20 years on: America’s hand in Rwanda
Michel Chossudovsky/ Anjan Sundaram
The civil war in Rwanda was a brutal struggle for political power between the Hutu-led Habyarimana government supported by France and the Tutsi Rwandan Patriotic Front (RPF) backed financially and militarily by Washington. Ethnic rivalries were used deliberately in the pursuit of geopolitical objectives. Both the CIA and French intelligence were involved.
In the words of former Co-operation Minister Bernard Debré in the government of Prime Minister Henri Balladur: “What one forgets to say is that, if France was on one side, the Americans were on the other, arming the Tutsis who armed the Ugandans. I don’t want to portray a showdown between the French and the Anglo-Saxons, but the truth must be told.”
In addition to military aid to the warring factions, the influx of development loans played an important role in “financing the conflict”. In other words, both the Ugandan and Rwanda external debts were diverted into supporting the military and paramilitary. Uganda’s external debt increased by more than US$2 billion, – i.e. at a significantly faster pace than that of Rwanda (an increase of approximately US$250 million from 1990 to 1994).
In retrospect, the RPA — financed by US military aid and Uganda’s external debt – was much better equipped and trained than the Forces Armées du Rwanda (FAR) loyal to President Habyarimana. From the outset, the RPA had a definite military advantage over the FAR.
According to the testimony of Paul Mugabe, a former member of the RPF High Command Unit, Major-General Paul Kagame had personally ordered the shooting down of President Habyarimana’s plane with a view to taking control of the country.
He was fully aware that the assassination of Habyarimana would unleash “a genocide” against Tutsi civilians. RPA forces had been fully deployed in Kigali at the time the ethnic massacres took place and did not act to prevent it from happening:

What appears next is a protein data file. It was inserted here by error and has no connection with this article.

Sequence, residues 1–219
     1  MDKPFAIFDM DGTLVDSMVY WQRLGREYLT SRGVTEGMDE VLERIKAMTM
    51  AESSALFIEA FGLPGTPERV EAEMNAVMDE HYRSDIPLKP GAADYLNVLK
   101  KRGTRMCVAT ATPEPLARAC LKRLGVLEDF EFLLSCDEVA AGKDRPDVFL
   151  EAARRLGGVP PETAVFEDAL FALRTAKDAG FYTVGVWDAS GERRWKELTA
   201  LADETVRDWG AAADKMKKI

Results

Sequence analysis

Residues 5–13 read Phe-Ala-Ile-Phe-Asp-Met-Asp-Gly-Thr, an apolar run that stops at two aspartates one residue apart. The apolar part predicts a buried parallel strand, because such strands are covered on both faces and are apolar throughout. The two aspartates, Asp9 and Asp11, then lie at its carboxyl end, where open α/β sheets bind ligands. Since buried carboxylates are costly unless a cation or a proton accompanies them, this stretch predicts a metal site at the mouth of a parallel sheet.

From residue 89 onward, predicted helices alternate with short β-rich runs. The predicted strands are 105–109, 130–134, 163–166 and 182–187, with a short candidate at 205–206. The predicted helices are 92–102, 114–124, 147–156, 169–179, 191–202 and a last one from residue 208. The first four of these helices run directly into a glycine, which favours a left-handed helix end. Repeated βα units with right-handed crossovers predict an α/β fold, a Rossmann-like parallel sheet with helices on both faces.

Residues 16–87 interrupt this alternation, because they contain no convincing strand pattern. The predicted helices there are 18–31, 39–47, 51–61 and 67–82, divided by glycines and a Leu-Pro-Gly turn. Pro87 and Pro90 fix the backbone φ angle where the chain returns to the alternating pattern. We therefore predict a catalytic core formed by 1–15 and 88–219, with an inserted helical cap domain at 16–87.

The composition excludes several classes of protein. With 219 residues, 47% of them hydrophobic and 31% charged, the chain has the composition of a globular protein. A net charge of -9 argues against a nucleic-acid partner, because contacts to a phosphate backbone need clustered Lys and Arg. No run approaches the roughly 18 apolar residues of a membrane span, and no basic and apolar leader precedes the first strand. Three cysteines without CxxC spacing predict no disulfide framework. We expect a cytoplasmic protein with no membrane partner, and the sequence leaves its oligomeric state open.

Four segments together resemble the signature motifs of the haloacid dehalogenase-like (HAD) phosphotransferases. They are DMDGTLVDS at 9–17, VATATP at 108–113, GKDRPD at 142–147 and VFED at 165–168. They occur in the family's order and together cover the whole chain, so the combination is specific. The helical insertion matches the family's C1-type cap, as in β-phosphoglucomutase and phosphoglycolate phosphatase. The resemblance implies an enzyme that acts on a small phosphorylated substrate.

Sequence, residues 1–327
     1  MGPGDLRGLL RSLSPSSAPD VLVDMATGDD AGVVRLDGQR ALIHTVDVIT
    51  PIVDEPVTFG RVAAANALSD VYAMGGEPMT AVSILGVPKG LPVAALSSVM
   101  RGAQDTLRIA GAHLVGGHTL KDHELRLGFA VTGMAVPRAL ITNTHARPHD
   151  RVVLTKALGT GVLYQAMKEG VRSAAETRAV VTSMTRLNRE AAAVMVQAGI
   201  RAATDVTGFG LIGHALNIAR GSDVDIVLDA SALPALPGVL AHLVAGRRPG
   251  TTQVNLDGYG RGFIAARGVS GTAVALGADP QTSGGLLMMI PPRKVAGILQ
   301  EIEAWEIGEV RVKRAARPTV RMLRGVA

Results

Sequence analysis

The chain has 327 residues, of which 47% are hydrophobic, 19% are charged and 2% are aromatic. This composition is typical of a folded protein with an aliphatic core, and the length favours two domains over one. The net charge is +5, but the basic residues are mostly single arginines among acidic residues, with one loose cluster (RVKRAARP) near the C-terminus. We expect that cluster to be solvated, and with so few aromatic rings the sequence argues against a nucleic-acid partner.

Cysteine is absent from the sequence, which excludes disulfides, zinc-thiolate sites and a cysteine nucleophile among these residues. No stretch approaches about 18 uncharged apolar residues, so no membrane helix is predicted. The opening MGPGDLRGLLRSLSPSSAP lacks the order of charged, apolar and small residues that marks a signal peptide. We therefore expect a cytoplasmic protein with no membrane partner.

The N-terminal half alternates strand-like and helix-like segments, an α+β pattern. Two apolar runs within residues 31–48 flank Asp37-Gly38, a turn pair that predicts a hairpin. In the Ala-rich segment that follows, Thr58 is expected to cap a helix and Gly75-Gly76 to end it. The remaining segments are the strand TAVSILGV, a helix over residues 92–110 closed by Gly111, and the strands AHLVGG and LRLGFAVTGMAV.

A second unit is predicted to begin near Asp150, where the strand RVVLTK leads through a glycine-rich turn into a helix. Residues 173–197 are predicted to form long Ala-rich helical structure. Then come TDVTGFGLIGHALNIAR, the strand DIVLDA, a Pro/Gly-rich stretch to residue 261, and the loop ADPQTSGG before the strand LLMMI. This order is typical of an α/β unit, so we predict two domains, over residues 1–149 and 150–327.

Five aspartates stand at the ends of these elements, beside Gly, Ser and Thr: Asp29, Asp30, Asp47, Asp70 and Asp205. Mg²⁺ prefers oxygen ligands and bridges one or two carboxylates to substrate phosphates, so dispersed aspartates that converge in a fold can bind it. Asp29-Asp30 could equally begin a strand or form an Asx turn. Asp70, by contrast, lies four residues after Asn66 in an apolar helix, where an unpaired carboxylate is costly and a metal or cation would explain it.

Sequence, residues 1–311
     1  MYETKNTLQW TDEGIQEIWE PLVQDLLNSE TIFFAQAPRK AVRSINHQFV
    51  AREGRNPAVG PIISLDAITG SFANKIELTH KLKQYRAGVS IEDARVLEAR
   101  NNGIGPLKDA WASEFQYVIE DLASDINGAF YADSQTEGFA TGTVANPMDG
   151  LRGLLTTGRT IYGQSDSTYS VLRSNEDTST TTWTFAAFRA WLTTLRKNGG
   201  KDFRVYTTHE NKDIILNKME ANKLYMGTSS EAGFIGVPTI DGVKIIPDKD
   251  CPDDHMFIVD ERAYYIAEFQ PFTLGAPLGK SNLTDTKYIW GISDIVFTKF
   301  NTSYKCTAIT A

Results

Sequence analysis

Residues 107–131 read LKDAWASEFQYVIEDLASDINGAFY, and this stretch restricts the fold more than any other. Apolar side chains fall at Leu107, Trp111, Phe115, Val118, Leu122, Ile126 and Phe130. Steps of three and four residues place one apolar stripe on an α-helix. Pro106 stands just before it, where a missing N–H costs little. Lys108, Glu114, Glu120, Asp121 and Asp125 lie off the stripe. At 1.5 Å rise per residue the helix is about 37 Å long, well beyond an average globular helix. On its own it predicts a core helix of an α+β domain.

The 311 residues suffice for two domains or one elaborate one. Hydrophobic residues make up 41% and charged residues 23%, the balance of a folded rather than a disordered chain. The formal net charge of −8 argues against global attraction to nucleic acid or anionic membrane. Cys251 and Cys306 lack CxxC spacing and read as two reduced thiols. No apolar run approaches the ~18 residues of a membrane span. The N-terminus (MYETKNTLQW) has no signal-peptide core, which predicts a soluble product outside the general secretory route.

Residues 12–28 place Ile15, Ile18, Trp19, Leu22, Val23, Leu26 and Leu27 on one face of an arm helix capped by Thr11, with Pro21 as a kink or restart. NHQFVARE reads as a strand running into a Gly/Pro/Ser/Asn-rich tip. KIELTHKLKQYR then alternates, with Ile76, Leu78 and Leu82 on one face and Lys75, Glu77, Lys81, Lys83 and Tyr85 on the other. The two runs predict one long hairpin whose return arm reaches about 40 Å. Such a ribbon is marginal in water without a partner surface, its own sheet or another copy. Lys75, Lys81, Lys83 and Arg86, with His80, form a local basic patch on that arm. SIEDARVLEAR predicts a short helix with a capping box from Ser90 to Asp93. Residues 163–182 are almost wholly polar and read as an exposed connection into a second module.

Paul Mugabe’s testimony regarding the shooting down of Habyarimana’s plane ordered by Kagame is corroborated by intelligence documents and information presented to the French parliamentary inquiry. Kagame was an instrument of Washington. The loss of African lives did not matter. The civil war in Rwanda and the ethnic massacres were an integral part of US foreign policy, carefully staged in accordance with precise strategic and economic objectives.
Despite the good diplomatic relations between Paris and Washington and the apparent unity of the Western military alliance, it was an undeclared war between France and America.
By supporting the build-up of Ugandan and Rwandan forces and by directly intervening in the Congolese civil war, Washington also bears a direct responsibility for the ethnic massacres committed in the Eastern Congo including several hundred thousand people who died in refugee camps.
The civil war in Rwanda and the ethnic massacres were an integral part of US foreign policy, carefully staged in accordance with precise strategic and economic objectives.
From the outset of the Rwandan civil war in 1990, Washington’s hidden agenda consisted in establishing an American sphere of influence in a region historically dominated by France and Belgium.
America’s design was to displace France by supporting the Rwandan Patriotic Front and by arming and equipping its military arm, the Rwandan Patriotic Army (RPA).
From the mid-1980s, the Kampala government under President Yoweri Museveni had become Washington’s African showpiece of “democracy”.
Uganda had also become a launchpad for US-sponsored guerilla movements into the Sudan, Rwanda and the Congo.
Kagame had been head of military intelligence in the Ugandan Armed Forces; he had been trained at the US Army Command and Staff College in Leavenworth, Kansas, which focuses on warfighting and military strategy.
Kagame returned from Leavenworth to lead the RPA, shortly after the 1990 invasion.
The militarisation and funding of Uganda was an integral part of US foreign policy. The build-up of the Ugandan UPDF Forces and of the Rwandan Patriotic Army (RPA) had been supported by the US and Britain.
Post-1994 foreign governments, notably the United States, Britain, Germany and the Netherlands, are nonetheless lining up at Kagame’s door with praise, and money, desperate for a foreign aid success story after 50 barren years in Africa.
The United States, without doubt, is Kagame’s staunchest ally and oldest supporter, eager to maintain Rwanda as a strategic partner with a powerful army in mineral-rich eastern Africa.
Total publicly reported foreign aid to Kagame’s government stands at some US$1 billion annually, of which the US government provides about a fifth.
Millions of dollars in foreign aid continue to flow to the Rwandan government, and Kagame’s supporters seem reluctant to diminish their praise.
Kagame administers the Rwandan government’s foreign-funded aid programmes with a strict autocratic hand and silences critics from church to media and human rights programmes. – Global Research/Politico Magazine .